Chris Lee at ArsTechnica: “Peer review is supposed to act as a sanity check on science. A few learned scientists take a look at your work, and if it withstands their objective and entirely neutral scrutiny, a journal will happily publish your work. As those links indicate, however, there are some issues with peer review as it is currently practiced. Recently, Benjamin List, a researcher and journal editor in Germany, and his graduate assistant, Denis Höfler, have come up with a genius idea for improving matters: something called selected crowd-sourced peer review….
My central point: peer review is burdensome and sometimes barely functional. So how do we improve it? The main way is to experiment with different approaches to the reviewing process, which many journals have tried, albeit with limited success. Post-publication peer review, when scientists look over papers after they’ve been published, is also an option but depends on community engagement.
But if your paper is uninteresting, no one will comment on it after it is published. Pre-publication peer review is the only moment where we can be certain that someone will read the paper.
So, List (an editor for Synlett) and Höfler recruited 100 referees. For their trial, a forum-style commenting system was set up that allowed referees to comment anonymously on submitted papers but also on each other’s comments as well. To provide a comparison, the papers that went through this process also went through the traditional peer review process. The authors and editors compared comments and (subjectively) evaluated the pros and cons. The 100-person crowd of researchers was deemed the more effective of the two.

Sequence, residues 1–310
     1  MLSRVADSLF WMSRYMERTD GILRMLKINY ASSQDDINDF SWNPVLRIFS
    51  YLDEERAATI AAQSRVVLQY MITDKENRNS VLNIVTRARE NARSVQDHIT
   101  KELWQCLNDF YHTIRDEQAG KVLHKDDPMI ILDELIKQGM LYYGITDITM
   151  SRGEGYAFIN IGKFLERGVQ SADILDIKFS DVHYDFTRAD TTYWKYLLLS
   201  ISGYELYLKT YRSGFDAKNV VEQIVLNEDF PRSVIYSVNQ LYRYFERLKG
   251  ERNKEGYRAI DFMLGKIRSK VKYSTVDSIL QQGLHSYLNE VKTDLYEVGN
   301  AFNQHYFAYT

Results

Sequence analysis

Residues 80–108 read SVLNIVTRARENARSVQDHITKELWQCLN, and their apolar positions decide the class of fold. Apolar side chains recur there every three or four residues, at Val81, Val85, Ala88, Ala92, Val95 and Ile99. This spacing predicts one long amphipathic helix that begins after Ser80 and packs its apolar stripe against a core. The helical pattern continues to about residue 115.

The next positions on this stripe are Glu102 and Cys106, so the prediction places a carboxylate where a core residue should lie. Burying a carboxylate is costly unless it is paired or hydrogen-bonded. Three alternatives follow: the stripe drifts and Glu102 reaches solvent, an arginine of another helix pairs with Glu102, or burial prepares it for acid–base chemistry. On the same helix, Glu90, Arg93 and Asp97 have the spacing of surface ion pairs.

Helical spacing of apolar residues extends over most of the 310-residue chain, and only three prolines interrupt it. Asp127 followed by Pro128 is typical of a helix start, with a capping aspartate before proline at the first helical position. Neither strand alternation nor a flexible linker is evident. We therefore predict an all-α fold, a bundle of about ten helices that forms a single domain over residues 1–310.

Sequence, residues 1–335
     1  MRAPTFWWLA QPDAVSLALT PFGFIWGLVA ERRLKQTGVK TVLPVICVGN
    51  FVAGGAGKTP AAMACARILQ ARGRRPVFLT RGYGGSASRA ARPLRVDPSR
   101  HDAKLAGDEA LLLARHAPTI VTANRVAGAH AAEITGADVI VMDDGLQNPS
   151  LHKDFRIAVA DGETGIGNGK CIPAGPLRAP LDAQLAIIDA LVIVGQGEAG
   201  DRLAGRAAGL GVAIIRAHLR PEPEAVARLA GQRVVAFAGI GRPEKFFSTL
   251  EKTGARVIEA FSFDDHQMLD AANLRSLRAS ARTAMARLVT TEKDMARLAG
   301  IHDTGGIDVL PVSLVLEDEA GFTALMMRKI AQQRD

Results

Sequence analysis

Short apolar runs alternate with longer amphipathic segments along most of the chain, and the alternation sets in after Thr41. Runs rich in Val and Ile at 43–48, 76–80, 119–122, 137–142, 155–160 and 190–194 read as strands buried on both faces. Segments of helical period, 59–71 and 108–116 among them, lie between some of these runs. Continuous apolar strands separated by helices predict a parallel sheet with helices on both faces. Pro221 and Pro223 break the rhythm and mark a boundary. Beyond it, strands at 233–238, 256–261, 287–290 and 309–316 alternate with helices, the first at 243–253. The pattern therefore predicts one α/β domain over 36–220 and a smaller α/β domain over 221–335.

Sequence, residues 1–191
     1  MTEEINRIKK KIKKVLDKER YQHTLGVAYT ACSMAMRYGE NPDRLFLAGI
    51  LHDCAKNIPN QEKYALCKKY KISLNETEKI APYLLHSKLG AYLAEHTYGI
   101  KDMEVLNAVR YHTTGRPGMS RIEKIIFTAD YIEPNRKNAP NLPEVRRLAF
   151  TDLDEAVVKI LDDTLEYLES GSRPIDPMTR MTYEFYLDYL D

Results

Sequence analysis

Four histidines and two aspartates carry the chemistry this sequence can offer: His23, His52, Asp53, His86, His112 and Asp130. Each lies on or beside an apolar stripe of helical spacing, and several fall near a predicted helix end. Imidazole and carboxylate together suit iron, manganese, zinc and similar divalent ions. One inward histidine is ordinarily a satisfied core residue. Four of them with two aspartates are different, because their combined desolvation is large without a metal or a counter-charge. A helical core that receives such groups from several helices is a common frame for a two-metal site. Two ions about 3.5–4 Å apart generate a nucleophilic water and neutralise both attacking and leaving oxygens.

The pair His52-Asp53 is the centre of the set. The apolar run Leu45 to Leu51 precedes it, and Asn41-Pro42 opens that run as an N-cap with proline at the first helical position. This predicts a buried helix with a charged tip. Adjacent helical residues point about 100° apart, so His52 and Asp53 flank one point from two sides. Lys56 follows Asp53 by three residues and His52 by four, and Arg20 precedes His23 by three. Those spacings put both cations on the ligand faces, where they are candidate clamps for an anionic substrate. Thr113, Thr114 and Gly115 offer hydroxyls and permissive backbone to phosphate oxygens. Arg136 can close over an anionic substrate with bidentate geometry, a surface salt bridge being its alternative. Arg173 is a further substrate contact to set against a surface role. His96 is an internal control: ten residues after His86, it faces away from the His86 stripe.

The editors found that it took a bit more time to read and collate all the comments into a reviewers’ report. But it was still faster, which the authors loved. Typically, it took the crowd just a few days to complete their review, which compares very nicely to the usual four to six weeks of the traditional route (I’ve had papers languish for six months in peer review). And, perhaps most important, the responses were more substantive and useful compared to the typical two-to-four-person review.
So far, List has not published the trial results formally. Despite that, Synlett is moving to the new system for all its papers.
Why does crowdsourcing work?
Here we get back to something more editorial. I’d suggest that there is a physical analog to traditional peer review, called noise. Noise is not just a constant background that must be overcome. Noise is also generated by the very process that creates a signal. The difference is how the amplitude of noise grows compared to the amplitude of signal. For very low-amplitude signals, all you measure is noise, while for very high-intensity signals, the noise is vanishingly small compared to the signal, even though it’s huge compared to the noise of the low-amplitude signal.
Our esteemed peers, I would argue, are somewhat random in their response, but weighted toward objectivity. Using this inappropriate physics model, a review conducted by four reviewers can be expected (on average) to contain two responses that are, basically, noise. By contrast, a review by 100 reviewers may only have 10 responses that are noise. Overall, a substantial improvement. So, adding the responses of a large number of peers together should produce a better picture of a scientific paper’s strengths and weaknesses.
Didn’t I just say that reviewers are overloaded? Doesn’t it seem that this will make the problem worse?
Well, no, as it turns out. When this approach was tested (with consent) on papers submitted to Synlett, it was discovered that review times went way down—from weeks to days. And authors reported getting more useful comments from their reviewers….(More)”.